human psycholinguists: a critical appraisal

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(The title of this post is a joking homage to one of Gary Marcus’ papers.)

I’ve discussed GPT-2 and BERT and other instances of the Transformer architecture a lot on this blog.  As you can probably tell, I find them very interesting and exciting.  But not everyone has the reaction I do, including some people who I think ought to have that reaction.

Whatever else GPT-2 and friends may or may not be, I think they are clearly a source of fascinating and novel scientific evidence about language and the mind.  That much, I think, should be uncontroversial.  But it isn’t.

(i.)

When I was a teenager, I went through a period where I was very interested in cognitive psychology and psycholinguistics.  I first got interested via Steven Pinker’s popular books – this was back when Pinker was mostly famous for writing about psychology rather than history and culture – and proceeded to read other, more academic books by authors like Gary Marcus, Jerry Fodor, and John Anderson.

At this time (roughly 2002-6), there was nothing out there that remotely resembled GPT-2.  Although there were apparently quite mature and complete formal theories of morphology and syntax, which could accurately answer questions like “is this a well-formed English sentence?”, no one really knew how these could or should be implemented in a physical system meant to understand or produce language.

This was true in two ways.  For one thing, no one knew how the human brain implemented this stuff, although apparently it did.  But the difficulty was more severe than that: even if you forgot about the brain, and just tried to write a computer program (any computer program) that understood or produced language, the results would be dismal.

At the time, such programs were either specialized academic models of one specific phenomenon – for example, a program that could form the past tense of a verb, but couldn’t do anything else – or they were ostensibly general-purpose but incredibly brittle and error-prone, little more than amusing toys.  The latter category included some programs intended as mere amusements or provocations, like the various chatterbots (still about as good/bad as ELIZA after four decades), but also more serious efforts whose reach exceeded their grasp.  SYSTRAN spent decades manually curating millions of morphosyntactic and semantic facts for enterprise-grade machine translation; you may remember the results in the form of the good old Babel Fish website, infamous for its hilariously inept translations.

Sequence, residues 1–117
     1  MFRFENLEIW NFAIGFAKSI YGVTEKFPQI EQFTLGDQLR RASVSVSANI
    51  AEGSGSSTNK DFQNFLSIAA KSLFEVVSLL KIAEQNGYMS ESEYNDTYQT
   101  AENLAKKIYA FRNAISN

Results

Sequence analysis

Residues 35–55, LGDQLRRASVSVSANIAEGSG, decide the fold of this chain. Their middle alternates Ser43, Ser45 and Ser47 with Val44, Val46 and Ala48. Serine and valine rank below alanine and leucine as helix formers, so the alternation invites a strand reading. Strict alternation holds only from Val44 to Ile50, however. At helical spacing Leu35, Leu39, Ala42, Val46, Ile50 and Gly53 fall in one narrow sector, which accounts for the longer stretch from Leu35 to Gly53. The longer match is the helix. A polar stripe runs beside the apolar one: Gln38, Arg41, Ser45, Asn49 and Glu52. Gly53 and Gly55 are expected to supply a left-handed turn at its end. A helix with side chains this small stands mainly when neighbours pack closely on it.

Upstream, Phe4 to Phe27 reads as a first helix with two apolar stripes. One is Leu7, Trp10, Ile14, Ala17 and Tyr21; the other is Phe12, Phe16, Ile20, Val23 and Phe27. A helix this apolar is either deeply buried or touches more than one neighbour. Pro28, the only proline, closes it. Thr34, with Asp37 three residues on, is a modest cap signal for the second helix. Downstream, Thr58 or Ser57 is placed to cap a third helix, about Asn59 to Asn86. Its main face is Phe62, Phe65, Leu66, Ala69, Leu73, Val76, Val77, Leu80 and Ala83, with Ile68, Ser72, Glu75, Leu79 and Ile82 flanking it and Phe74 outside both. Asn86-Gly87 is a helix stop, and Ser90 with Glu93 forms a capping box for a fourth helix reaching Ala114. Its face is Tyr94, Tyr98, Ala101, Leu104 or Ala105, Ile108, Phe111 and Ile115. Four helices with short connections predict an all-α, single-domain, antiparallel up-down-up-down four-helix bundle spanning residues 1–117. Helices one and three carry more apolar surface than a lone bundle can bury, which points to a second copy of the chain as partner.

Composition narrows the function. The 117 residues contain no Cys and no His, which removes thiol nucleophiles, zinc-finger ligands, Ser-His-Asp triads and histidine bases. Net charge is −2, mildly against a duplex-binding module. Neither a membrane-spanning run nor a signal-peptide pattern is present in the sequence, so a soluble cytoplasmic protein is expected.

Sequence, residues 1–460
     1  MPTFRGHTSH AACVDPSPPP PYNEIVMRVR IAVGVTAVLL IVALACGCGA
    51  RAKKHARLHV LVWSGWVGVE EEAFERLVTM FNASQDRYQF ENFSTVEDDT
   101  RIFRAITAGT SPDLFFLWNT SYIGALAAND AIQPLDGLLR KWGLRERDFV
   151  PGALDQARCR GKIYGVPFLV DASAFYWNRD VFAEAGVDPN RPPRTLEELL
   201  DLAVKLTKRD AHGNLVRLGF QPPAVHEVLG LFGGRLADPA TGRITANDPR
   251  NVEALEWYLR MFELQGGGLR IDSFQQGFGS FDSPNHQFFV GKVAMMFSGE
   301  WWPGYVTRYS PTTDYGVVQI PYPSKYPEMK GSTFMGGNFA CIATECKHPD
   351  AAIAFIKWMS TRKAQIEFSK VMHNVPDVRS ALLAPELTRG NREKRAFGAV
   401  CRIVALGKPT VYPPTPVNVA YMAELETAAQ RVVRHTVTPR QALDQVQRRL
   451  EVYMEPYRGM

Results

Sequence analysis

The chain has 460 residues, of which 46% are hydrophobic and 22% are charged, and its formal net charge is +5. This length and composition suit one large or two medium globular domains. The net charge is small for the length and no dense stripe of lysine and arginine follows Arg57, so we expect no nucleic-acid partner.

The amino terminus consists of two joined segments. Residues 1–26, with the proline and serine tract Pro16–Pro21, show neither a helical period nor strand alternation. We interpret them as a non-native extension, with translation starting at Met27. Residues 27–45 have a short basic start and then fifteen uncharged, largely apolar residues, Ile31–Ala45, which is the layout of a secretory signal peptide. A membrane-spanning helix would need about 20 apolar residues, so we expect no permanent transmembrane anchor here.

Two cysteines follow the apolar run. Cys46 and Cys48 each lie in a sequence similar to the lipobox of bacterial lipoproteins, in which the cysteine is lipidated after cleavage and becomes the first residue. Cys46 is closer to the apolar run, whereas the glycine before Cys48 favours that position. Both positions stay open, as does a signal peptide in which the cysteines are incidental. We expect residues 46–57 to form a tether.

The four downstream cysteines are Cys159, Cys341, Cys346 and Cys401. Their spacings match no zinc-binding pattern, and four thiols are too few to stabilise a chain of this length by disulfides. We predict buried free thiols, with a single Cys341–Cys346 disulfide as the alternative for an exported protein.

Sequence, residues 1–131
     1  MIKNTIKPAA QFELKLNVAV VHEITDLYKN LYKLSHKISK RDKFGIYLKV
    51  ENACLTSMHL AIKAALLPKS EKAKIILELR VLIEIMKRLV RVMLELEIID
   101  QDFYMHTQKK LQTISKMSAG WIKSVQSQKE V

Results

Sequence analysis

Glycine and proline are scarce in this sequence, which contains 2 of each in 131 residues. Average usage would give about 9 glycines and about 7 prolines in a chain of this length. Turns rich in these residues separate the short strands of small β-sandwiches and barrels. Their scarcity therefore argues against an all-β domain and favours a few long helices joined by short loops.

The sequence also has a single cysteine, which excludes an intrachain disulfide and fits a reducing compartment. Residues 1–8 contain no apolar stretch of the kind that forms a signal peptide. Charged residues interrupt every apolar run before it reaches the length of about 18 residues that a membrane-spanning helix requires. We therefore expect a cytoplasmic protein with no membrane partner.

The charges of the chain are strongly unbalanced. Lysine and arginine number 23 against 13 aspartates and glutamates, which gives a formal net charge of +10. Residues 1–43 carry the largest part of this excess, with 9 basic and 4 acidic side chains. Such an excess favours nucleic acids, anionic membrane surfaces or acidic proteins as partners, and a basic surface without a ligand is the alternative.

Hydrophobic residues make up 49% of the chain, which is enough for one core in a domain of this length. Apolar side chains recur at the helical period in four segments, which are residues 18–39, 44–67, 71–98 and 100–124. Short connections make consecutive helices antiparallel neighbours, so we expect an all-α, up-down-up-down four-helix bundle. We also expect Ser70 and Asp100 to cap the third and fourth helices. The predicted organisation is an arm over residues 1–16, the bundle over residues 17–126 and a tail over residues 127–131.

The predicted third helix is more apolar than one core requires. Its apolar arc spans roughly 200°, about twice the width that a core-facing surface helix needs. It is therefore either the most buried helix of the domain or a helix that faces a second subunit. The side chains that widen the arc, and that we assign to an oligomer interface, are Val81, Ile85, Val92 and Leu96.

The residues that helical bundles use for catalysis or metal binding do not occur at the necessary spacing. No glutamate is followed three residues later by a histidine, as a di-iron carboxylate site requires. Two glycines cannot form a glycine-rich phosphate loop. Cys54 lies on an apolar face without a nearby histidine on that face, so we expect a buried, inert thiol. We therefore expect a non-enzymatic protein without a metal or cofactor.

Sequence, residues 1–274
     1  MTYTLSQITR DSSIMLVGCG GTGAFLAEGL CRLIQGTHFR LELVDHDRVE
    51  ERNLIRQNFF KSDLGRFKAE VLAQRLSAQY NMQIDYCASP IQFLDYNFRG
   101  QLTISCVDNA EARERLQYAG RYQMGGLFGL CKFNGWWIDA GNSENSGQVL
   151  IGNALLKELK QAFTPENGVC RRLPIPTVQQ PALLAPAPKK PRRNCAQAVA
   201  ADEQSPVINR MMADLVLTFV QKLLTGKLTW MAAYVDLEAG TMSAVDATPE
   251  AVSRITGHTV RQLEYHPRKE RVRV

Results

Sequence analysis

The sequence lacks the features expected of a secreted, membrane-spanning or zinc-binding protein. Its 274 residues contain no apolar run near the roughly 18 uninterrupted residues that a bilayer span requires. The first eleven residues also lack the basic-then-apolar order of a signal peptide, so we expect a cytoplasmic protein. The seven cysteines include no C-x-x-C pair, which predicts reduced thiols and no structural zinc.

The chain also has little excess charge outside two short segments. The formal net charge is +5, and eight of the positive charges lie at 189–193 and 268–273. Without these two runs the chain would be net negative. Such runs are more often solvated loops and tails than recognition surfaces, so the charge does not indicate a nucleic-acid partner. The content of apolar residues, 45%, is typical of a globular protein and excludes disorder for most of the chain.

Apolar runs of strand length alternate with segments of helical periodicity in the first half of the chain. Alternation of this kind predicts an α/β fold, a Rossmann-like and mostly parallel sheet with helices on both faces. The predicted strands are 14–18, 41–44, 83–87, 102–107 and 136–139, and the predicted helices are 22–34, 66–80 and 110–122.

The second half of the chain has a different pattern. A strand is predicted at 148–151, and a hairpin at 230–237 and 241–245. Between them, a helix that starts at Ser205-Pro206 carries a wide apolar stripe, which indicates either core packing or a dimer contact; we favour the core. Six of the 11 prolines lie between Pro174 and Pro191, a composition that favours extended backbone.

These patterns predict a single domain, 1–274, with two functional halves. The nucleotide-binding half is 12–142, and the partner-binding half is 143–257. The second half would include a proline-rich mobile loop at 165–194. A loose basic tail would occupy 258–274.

This was all kind of surprising, given that the mature formal theories were right there, ready to be programmed into rule-following machines.  What was going on?

The impression I came away with, reading about this stuff as a teenager, was of language as a fascinating and daunting enigma, simultaneously rule-based and rife with endless special cases that stacked upon one another.  It was formalism, Jim, but not as we knew it; it was a magic interleaving of regular and irregular phenomena, arising out of the distinctive computational properties of some not-yet-understood subset of brain architecture, which the models of academics and hackers could crudely imitate but not really grok.  We did not have the right “language” to talk about language the way our own brains did, internally.

(ii.)

The books I read, back then, talked a lot about this thing called “connectionism.”

This used to be a big academic debate, with people arguing for and against “connectionism.”  You don’t hear that term much these days, because the debate has been replaced by a superficially similar but actually very different debate over “deep learning,” in which what used to be good arguments about “connectionism” are repeated in cruder form as bad arguments about “deep learning.”

But I’m getting ahead of myself.  What was the old debate about?

As you may know, the pioneers of deep learning had been pioneering it for many years before it went mainstream.  What we now call “neural nets” were invented step by step a very long time ago, and very early and primitive neural nets were promoted with far too much zeal as long ago as the 60s.

First there was the “Perceptron,” a single-layer fully-connected network with an update rule that didn’t scale to more layers.  It generated a lot of unjustified hype, and was then “refuted” in inimitable petty-academic fashion by Minksy and Papert’s book Perceptrons, a mathematically over-elaborate expression of the simple and obvious fact that no single-layer net can express XOR.  (Because no linear classifier can!  Duh!)

Then the neural net people came back, armed with “hidden layers” (read: “more than one layer”) trained by “backpropagation” (read: “efficient gradient descent”).  These had much greater expressive power, and amounted to a form of nonlinear regression which could learn fairly arbitrary function classes from data.

Some people in psychology became interested in using them as a model  for human learning.  AFAIK this was simply because nonlinear regression kind of looks like learning (it is now called “machine learning”), and because of the very loose but much-discussed resemblance between these models and the layered architecture of real cortical neurons.  The use of neural nets as modeling tools in psychology became known as “connectionism.”

Why was there a debate over connectionism?  To opine: because the neural nets of the time (80s to early 90s) really sucked.  Weight sharing architectures like CNN and LSTM hadn’t been invented yet; everything was either a fully-connected net or a custom architecture suspiciously jerry-rigged to make the right choices on some specialized task.  And these things were being used to model highly regular, rule-governed phenomena, like verb inflection – cases where, even when human children make some initial mistakes, those mistakes themselves have a regular structure.